Voltaire wrote, "To the living we owe respect, but to the dead we owe only the truth." Pete's spirit will not rest if his death continues to stand as justification for disregard by his country of the basic human rights of others, even those accused of causing his death. We owe him the truth, not just about the events that led to his death (fully explored and credibly reported by the 9/11 Commission), but also about the human rights abuses conceived and initiated by my "rulers" in his name.
Very truly yours."
Ariel Dorfman, novelist, playwright and essayist, writes:
"Dear President Obama:
That's the word, the one word shared by the man who tortures and his victim--the one word that defines them both.
Because for the victim that moment of pain and degradation, those many moments, will never end. Torture does not happen just that once but repeats itself in the mind and in the memory the body carries beyond the water in the lungs or the contingent fist in the face. It continues to happen over and over.
And forever is also for the perpetrator. The hand does not switch on the current or slam the mouth into feces, the ears are not willing to hear the screams, unless there is the promise and certainty that there will be no accountability, that he is safe from justice, can live, yes, forever, in the timelessness of impunity.
In almost forty years of struggling, as a writer and a citizen, against the plague and banality of torture, that is the dirtiest secret of these acts of dread that I have discovered, Mr. President. That nobody tortures if they think they will be caught, if they think they will be exposed to public scrutiny. Nobody tortures if they know they will be laid out naked for everyone to see and judge, if they are sure that they will face in a court of law the men and women they stripped naked in some faraway, hidden room. Forever is their horizon, their alibi, their guardian demon, the primary condition that guarantees the violence they have inflicted or are about to inflict. Forever lets them sleep at night, caress their children, look in tomorrow's mirror.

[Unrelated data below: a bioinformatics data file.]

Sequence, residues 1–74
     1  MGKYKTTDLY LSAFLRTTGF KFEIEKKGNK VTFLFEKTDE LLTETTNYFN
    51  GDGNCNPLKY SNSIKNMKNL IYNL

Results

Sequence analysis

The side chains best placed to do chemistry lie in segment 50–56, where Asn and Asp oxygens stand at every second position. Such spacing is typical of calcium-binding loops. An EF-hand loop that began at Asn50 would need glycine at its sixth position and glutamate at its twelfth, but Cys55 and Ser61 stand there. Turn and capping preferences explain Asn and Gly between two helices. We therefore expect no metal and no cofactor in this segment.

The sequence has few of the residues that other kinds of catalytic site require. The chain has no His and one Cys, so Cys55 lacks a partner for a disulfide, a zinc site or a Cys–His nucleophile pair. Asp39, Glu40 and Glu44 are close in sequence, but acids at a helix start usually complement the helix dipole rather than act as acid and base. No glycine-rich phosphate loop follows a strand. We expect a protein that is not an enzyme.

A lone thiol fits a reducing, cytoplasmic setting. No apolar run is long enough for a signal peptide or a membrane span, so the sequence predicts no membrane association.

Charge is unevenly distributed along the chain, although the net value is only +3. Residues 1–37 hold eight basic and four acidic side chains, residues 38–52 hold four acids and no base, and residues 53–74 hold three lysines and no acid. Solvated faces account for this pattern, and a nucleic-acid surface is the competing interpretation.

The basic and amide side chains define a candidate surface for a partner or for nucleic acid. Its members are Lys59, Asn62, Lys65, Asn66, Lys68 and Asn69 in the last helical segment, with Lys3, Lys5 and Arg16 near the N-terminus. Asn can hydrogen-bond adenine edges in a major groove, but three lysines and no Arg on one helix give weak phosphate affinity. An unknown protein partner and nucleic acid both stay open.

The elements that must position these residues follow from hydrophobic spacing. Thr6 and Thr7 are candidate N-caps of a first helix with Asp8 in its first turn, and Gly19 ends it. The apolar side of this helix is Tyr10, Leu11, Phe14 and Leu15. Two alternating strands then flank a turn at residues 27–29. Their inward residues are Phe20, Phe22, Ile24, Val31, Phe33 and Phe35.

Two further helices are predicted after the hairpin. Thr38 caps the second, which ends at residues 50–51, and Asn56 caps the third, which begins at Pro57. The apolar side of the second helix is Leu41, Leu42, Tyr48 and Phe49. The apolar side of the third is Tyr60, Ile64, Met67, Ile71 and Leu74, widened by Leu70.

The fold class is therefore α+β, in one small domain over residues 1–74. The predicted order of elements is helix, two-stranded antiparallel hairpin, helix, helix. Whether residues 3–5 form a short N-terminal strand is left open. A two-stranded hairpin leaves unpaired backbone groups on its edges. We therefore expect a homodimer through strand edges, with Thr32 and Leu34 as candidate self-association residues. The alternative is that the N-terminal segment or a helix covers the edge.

That is why the answer to the inferno of forever, both for the victim in need of healing and for the criminal who broke the law, the written law of his own land and the unspoken law of the common human bond that joins us all, that is why the answer must be the purgatorial, perhaps heavenly words, Never Again.